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Apr. 18th, 2003 05:54 am (UTC)
Re: Absinthe without Wormwood?
Ah, I see. A friend of mine had a bottle labeled "Absinthe" a couple of years a go, but without the wormwood. Silly silly laws.
Apr. 18th, 2003 07:51 am (UTC)
Silly silly laws
You'll get no argument from me there.

Be well.

Apr. 17th, 2003 10:30 pm (UTC)
I'm not really a drinking man, but I wanna get some Absinthe sometime soon. Have so for years, even toyed with the idea of making a barrel.

Good for you!
Apr. 18th, 2003 12:18 am (UTC)
Re: Awesome!
Actually, this turned out to be a sort of bogus absinthe; made with a "wormwood infusion" rather than in the traditional manner. The green color of this faux elixer comes from added coloring. I got no effect from it that I wouldn't have gotten from a similiar quantity of Bacardi 151.

However, they still make the real stuff in Spain, and that's where we plan to live next, so I remain confident that I'll taste this forbidden fruit before too long.
Apr. 18th, 2003 09:08 am (UTC)
After I posted, I read the comments on your comic board to that effect. Interesting, how much effort was taken to remove the Psychoactive component... I mean, they sell the extremest liquors dirt cheap to cater to "winos", but anything even slightly hallucinogenic is illegal. (well, unless you count DT's)

I should argue some kind of "Conspiracy" really.

Let's see on the legal drugs:
Caffiene: Lets you ignore fatigue, helping you work when your heart is not in it.
Nicotene: Don't know, I'm no smoker. Know lots of them, though.
Alcohol: Helps "Party" after work, also dims intellect and distracts.

Now, these drugs all put toghether seem to be designed to keep a worker happy and working. They all (especially the last two) have side effects, but usually take a lifetime to break someone down.

Now, I've actually known some people who take "Crank". They'd probably pick a fight if they met a hippie, they just love that it can help them work two lousy jobs for 24 hours straight so they can make a down payment on their car or get a PS2. If it didn't have so many after effects, I bet Uncle Sam would be trying to get everyone to use it...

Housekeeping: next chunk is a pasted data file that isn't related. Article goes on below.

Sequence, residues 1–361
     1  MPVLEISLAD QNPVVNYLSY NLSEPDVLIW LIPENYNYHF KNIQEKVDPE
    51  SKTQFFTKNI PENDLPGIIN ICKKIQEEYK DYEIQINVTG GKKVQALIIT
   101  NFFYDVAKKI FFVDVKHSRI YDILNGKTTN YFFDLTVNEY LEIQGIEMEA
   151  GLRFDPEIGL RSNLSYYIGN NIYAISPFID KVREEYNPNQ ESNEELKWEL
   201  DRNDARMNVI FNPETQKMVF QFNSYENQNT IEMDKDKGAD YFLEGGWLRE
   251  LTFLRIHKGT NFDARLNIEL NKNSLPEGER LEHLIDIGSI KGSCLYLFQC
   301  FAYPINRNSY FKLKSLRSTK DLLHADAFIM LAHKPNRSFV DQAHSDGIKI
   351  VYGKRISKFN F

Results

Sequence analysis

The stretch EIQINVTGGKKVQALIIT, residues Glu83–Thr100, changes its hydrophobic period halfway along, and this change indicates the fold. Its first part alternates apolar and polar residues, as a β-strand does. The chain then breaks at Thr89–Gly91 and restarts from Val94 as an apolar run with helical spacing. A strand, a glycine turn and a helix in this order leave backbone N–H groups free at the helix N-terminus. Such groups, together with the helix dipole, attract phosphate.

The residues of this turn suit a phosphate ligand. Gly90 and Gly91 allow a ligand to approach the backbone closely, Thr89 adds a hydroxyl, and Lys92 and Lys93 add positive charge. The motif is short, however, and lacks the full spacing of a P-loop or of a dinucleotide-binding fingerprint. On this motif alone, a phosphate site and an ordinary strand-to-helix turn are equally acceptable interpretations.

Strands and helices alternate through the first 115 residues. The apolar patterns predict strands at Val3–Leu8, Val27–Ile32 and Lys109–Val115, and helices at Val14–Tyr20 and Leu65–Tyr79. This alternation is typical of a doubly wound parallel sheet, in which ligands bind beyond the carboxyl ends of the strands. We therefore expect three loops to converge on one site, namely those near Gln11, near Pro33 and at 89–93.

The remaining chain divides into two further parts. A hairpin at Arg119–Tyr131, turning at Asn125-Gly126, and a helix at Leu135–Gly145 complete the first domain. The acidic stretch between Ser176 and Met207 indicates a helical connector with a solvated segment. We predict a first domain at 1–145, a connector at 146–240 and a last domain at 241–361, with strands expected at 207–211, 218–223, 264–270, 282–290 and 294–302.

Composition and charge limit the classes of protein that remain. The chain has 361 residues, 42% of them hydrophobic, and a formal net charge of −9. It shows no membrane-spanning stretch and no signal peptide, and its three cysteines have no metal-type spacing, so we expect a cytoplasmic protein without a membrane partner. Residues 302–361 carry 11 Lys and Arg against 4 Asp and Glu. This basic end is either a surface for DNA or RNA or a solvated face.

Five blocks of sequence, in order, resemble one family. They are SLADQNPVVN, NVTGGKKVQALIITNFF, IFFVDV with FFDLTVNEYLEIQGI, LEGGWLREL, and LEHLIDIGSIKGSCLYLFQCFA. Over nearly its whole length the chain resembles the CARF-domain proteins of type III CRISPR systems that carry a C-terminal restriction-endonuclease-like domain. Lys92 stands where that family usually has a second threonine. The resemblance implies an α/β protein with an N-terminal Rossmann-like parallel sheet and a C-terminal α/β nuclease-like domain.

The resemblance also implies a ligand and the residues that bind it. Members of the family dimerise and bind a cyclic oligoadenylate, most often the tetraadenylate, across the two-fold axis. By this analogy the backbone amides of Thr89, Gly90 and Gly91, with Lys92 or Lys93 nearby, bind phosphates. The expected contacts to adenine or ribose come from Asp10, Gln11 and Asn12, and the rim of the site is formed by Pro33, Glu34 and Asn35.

I think the problem governments have with psychoactives is that it could actually "Free" someone's mind of the illusions placed upon it. Someone might have a vision and go "I don't need all these 'things'"


A few absinthe links, though I'm sure you've seen them. The last one has some of the original recipies, unfortunately for a brewing company, not an individual. The first one has an individual recipie.

This is some nostalgia trip. Anyone going through this effort to get a psychoactive substance alone should probably seek "magic mushrooms" (taking GREAT care to avoid the deadly ones)
Apr. 18th, 2003 03:32 am (UTC)
Having read this - thujone: C10H16O;the chief constituent of cedar leaf oil; a stimulant similar to camphor.

Synonym: absinthol, tanacetol, tanacetone, thujol, thuyol, thuyone

I'm wondering what the effects are of this interesting chemical? I've never heard of it!

Apr. 18th, 2003 07:50 am (UTC)
Alas, I wouldn't know
I'm wondering what the effects are of this interesting chemical? I've never heard of it!

But I hear that the thujone molecule has a structure similiar to THC. I'll let you know when I've actually had some. The stuff in the photo amounts to 180 proof windex.
May. 8th, 2003 02:28 am (UTC)

I'm wondering what the effects are of this interesting chemical? I've never heard of it!

Here's a snippet from a webpage dedicated to home-made absinthe:

Notes on the Psychopharmacology of Absinthe

I get email asking me about the effects of my absinthe. It contains the same active ingredients as distilled absinthe and has the same effects. Now, what are these effects? I describe them as a cross between pot, exstacy, cocaine, strong coffee, and vodka.

Thujone is discussed elsewhere in the Absinthe Ring, but I think there may be more to the effects of absinthe than thujone, namely the highly-complex synergistic effect of a psychoactive cocktail. Other ingredients in the recipe have their own reputations. Angelica root is crewed as a drug in Lapland. Anise and fennel seed both contain potentially psychoactive anethole. Caraway seeds are reputed aphrodisiacs and the basis of the German liqueur kummel. Coriander is mentioned as an aphrodisiac in the Arabic One Thousand and One Nights, and is said to conjure up the devil when used in combination with fennel in the same text. Other recipes call for hops, a sedative and hypnotic, and calamus root, which contains psychoactive asarones, used as an inebriant by Native Americans. And then there is the hyssop, a nervine. Add it all up, the sum may be greater than the whole.
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